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Environmental Medicine: Integrating a Missing Element into Medical Education Chronic Reactive Airway Disease following Acute Chlorine Gas Exposure in an Asymptomatic Atopic Patient* Brad B.Moore, M.D.; and Michael Sherman, M.D., F.C.C.P. While chlorine gas inhalation has previously been reported to cause temporary mucous membrane irritation, acute pneumonitis, pulmonary edema, and transient bronchospasm, there is controversy about the existence of long-term pulmonary sequelae. We report the case of a 25-year-old man in whom chronic, recurrent asthma developed after exposure to a chlorine gas leak in an enclosed space. His course since the exposure has been notable for frequent exacerbations necessitating chronic corticosteroid therapy and multiple hospitalizations. To our knowledge, the persistence of symptoms years after the exposure is unique in the literature. (Chest 1991; 100:855–56) Chlorine is widely used in water purification and in the manufacture of plastics, bleaches, and alkalis. Although its pungent odor is detected in concentrations as low as 0.5 ppm, it causes respiratory damage only at levels above 20 ppm. Discovery of the highly toxic effects of chlorine gas on the human respiratory tract resulted in its deployment as the first chemical weapon at Ypres, France, in 1915. Despite extensive study since that time, controversy still exists about long-term pulmonary sequelae after acute chlorine-induced lung injury. We report a unique case of severe, chronic asthma following acute exposure to chlorine gas. CASE REPORT A 25-year-old man came to the Hahnemann University Hospital Emergency Room with severe dyspnea. He had a history of mild childhood asthma, which had resolved at the age of 5 years. Four years prior to admission, the patient was exposed to a chlorine gas leak while working for a regional sewerage authority. The patient had worked for 2 h in a chlorine-filled enclosed environment without a protective respirator mask. Immediately following this exposure, the patient experienced a transient episode of hemoptysis followed by acute shortness of breath and wheezing. A regimen of aminophylline and inhaled beta-agonists was started in a local emergency * From the Department of Medicine, Hahnemann University Hospital, Philadelphia. Reprint requests: Dr. Sherman, Pulmonary Division, Mail Stop 107, Hahnemann University, Philadelphia 19102 room, which resulted in some improvement in his symptoms. His course over the next 4 years was notable for frequent hospitalizations for asthma and increasing use of oral and inhaled corticosteroids. He was admitted to Hahnemann University Hospital for management of an acute exacerbation of his illness and a diagnostic workup. Physical examination revealed an afebrile, cushingoid patient in moderate respiratory distress. Auscultation of the chest revealed diffuse expiratory wheezes in all lung fields with prolonged expiration. An arterial blood gas evaluation on room air revealed a pH of 7.45, a Pco2 of 32.2, and a Po2 of 73.6. The eosinophil count was 8 cu mm; the immunoglobulin G activity was markedly elevated at 431 U/ml (normal, <122 U/ml). A chest roentgenogram was normal except for minimal peribronchial thickening. An esophagram demonstrated minimal gastroesophageal reflux without aspiration. An Aspergillus skin test was negative. A flow volume loop and otorhinolaryngologic evaluation showed no evidence of upper airway obstruction. Pulmonary function testing revealed an FVC of 2.71 (52 percent of the predicted value [PV]), an FEV1 of 1.42 (35 percent of PV), an FEV1/FVC of 52 percent, an FRC of 5.09 (154 percent of PV), and a TLC of 7.43 (107 percent of PV)—values consistent with severe obstruction (normal values from Crapo et al1). Administration of aerosolized albuterol produced a 54 percent improvement in FEV1 and a 26 percent improvement in FVC, which was reproduced in multiple studies. The single breath diffusion capacity for carbon monoxide was 31.95 (89 percent). Intravenous methylprednisolone, intravenous aminophylline, and aerosolized terbutaline were given with significant improvement in the patients symptoms and flow rates, although moderate obstruction remained. After several days, the patient was discharged on a regimen of high-dose oral corticosteroids with persistent airflow obstruction. DISCUSSION Although today most reported cases of chlorine exposure occur in industrial settings,2,3 at water treatment facilities,4 or as a result of transportation accidents,5,6 several cases of toxic chlorine inhalation have occurred in more unusual circumstances. An increasingly common source of exposure to chlorine gas is fumes liberated from chlorine products used in residential pools and spas.7,8 Cases of exposure resulting from chlorine gas released during mixing of a variety of household cleaning agents9 have prompted the placement of consumer warnings on many such products. One episode of voluntary exposure has also been reported.10 The long-term pulmonary sequelae of chlorine gas inhalation are controversial. Studies of soldiers gassed during the First World War showed evidence of obstructive airway disease and permanent disability.6,11 It is difficult to ascribe abnormalities found in these patients solely to chlorine inhalation for two reasons: chlorine was used only for a short time in chemical warfare, and most subjects studied were exposed to multiple war gases.12 More recent series describe an initial obstructive defect, often with partial reversibility3,13,14; restrictive defects with accompanying diffusion abnormalities have also been reported.7,14 These initial changes reverted to normal within a few months in almost all patients studied. In fact, in a study involving 820 patients, Jones15 found no radiologic or clinical evidence of permanent pulmonary damage following industrial chloride exposure. Lawson16 also found no long-term residual changes in laboratory parameters, chest roentgenographic findings, or pulmonary function test results in over 457 cases of acute industrial chlorine gas exposure. In contrast, Kaufman and Burkons12 found persistent obstructive lung disease up to 14 months following chronic chlorine exposure, and Kowitz et al5 found persistent residual restrictive disease and low diffusing capacities up to 3 years following acute chlorine exposure. In another study, Jones et al6 found that long-term sequelae after acute chlorine gas exposure were affected more by cigarette smoking than by the Reprinted with permission from CHEST 100(3):855–6, Copyright 1991, American College of Chest Physicians.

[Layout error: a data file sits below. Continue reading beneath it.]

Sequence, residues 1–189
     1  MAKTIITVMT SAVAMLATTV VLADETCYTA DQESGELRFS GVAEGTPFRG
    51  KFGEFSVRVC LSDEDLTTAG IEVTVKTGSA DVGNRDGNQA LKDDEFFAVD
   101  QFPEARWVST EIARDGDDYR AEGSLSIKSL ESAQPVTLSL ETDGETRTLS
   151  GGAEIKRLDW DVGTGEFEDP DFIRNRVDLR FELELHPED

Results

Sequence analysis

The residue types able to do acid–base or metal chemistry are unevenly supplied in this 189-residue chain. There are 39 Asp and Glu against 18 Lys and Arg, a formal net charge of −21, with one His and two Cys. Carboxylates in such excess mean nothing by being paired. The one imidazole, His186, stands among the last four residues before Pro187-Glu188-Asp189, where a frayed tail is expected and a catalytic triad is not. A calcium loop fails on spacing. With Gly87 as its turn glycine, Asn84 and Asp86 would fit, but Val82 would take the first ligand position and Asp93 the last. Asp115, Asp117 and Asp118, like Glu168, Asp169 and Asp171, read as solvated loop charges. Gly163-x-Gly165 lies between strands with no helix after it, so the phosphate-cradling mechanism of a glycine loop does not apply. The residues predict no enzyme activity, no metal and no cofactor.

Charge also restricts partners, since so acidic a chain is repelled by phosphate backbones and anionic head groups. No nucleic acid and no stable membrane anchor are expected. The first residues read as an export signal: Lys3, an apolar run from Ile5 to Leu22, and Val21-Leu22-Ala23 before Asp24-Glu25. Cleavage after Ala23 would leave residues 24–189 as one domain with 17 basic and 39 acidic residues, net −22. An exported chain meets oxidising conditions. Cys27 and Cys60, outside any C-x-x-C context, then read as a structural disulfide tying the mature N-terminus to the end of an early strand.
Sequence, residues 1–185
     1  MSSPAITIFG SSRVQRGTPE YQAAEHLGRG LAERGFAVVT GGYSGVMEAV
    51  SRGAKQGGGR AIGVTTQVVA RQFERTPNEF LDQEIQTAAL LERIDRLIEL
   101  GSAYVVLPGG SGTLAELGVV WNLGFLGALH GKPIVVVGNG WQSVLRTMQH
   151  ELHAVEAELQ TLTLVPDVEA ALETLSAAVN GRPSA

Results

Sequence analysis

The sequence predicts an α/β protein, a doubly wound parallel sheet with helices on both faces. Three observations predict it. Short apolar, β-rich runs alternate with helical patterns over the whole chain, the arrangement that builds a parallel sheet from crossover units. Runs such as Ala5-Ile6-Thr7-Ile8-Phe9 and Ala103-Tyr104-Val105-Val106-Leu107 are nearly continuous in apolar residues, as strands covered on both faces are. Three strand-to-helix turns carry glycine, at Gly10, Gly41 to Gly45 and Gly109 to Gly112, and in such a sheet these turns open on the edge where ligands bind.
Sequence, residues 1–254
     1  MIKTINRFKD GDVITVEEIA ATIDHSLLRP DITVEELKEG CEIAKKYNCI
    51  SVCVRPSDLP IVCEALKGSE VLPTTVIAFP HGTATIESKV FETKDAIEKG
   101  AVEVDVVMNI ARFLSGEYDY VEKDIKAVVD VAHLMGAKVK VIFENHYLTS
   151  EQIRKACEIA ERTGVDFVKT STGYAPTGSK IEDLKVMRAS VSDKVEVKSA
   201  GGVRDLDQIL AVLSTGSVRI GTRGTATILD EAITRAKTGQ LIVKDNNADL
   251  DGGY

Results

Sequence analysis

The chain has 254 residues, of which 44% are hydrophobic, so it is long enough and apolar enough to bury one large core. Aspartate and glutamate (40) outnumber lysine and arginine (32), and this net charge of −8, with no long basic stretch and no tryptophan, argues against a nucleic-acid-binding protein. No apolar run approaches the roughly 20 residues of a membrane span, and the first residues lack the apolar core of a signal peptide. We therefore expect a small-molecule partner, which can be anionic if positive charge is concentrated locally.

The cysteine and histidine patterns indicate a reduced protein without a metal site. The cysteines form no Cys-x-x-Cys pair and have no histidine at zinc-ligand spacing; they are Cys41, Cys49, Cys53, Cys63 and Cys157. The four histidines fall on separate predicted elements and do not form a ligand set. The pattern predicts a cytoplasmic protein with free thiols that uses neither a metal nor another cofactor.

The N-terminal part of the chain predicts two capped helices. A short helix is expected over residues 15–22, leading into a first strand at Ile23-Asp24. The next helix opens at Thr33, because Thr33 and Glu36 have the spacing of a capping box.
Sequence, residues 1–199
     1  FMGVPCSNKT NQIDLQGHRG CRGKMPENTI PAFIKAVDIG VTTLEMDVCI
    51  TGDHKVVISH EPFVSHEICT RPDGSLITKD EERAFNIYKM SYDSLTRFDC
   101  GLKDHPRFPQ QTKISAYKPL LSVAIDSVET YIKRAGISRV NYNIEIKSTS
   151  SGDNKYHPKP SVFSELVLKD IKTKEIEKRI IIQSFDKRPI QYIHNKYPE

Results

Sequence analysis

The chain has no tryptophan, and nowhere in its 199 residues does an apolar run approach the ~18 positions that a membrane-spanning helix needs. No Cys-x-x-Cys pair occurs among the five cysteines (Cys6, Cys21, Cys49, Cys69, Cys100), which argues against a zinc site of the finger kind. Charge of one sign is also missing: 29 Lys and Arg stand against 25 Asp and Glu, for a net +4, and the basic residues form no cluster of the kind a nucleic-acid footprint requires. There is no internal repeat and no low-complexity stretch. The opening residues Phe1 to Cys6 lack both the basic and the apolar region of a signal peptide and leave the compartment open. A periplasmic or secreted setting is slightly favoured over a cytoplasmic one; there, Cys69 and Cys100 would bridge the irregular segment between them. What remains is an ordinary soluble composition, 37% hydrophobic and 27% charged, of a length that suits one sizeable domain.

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Environmental Medicine: Integrating a Missing Element into Medical Education chlorine gas exposure. Other authors17 have suggested that preexisting lung conditions do not affect the occurrence of pulmonary sequelae following chlorine gas exposure. Our patient was exposed to chlorine gas in an industrial setting. Although the patient had a history of cigarette smoking and childhood asthma, he had had no symptoms of reactive airways disease for 20 years prior to this event. Following the chlorine exposure, the patients symptoms rapidly became severely debilitating, necessitating daily therapy with high-dose corticosteroids, frequent use of home oxygen, and self-administered subcutaneous epinephrine. To our knowledge, this case is unique in the literature. Charan et al3 showed reversible acute airway obstruction shortly after exposure, and Hasan et al13 reported the cases of two asthmatic patients in whom chlorine gas may have exacerbated a state of underlying hyperactivity. No one, however, has reported new onset of severe reversible airway obstruction that persisted several years after chlorine gas exposure. Thus, we believe that our patient represents a unique case of persistently debilitating asthma following acute chlorine gas exposure. ACKNOWLEDGMENT: Editorial services were provided by Bette R.Haitsch. The authors would like to thank Angela K.Dorman for her assistance in manuscript preparation. REFERENCES 1 Crapo RO, Morris AH, Gardner RM. Reference spirometric values using techniques and equipment that meets ATS recommendations. Am Rev Respir Dis 1981;123:659 2 Beach FXM, Jones ES, Scarrow GD. Respiratory effects of chlorine gas. Br J Ind Med 1969;26:231–36 3 Charan NB, Lakshminarayan S, Myers GC, Smith DD. Effects of accidental chlorine inhalation on pulmonary function. West J Med 1985;143:333–36 4 Fleta J, CalvoC, Zuniga J, Castellano M, Bueno M. Intoxication of 76 children by chlorine gas . Hum Toxicol 1986;5:99–100 5 Kowitz TA, Reba RC, Parker RT, et al. Effects of chlorine gas upon respiratory function. Arch Environ Health 1967;14:545– 58 6 Jones RN, Hughes JM, Glindmeyer H, Weill H. Lung function after acute chlorine exposure. Am Rev Respir Dis 1986;134: 1190–95 7 Ploysongsang Y, Beach BC, DiLisio RE. Pulmonary function changes after acute inhalation of chlorine gas. South Med J 1982; 75:23–26 8 Mustchin CP, Pickering CAC. “Coughing water”: bronchial hyperactivity induced by swimming in a chlorinated pool. Thorax 1979;34:682–83 9 Murphy DMF, Fairman RP, Lapp NL, Morgan KC. Severe airway disease due to inhalation of fumes from cleansing agents. Chest 1976;69:372–76 10 Rafferty P. Voluntary chlorine inhalation: a new form of self-abuse? Br Med J 1980;281:1178–79 11 Sandall TE. The later effects of gas poisoning. Lancet 1922; 2:857. 12 Kaufman J, Burkons D. Clinical, roentgenologic and physiologic effects of acute chlorine exposure. Arch Environ Health 1971; 23:29–34 13 Hasan FM, Gehshan A, Fuleihan FJD. Resolution of pulmonary dysfunction following acute chlorine exposure. Arch Environ Health 1983;38:76–80 14 Colardyn F, Van Der Straten M, Tasson J, Van Egmond J. Acute chlorine gas intoxication. Acta Clin Belg 1976;31:70–77 15 Jones AT. Noxious gas and fumes. Proc R Soc Med 1952;45:609 16 Lawson JJ. Chlorine exposure: a challenge to the physician. Am Fam Physician 1981;23:135–38 17 Barret L, Faure J. Chlorine poisoning, letter. Lancet 1984; 1:561–62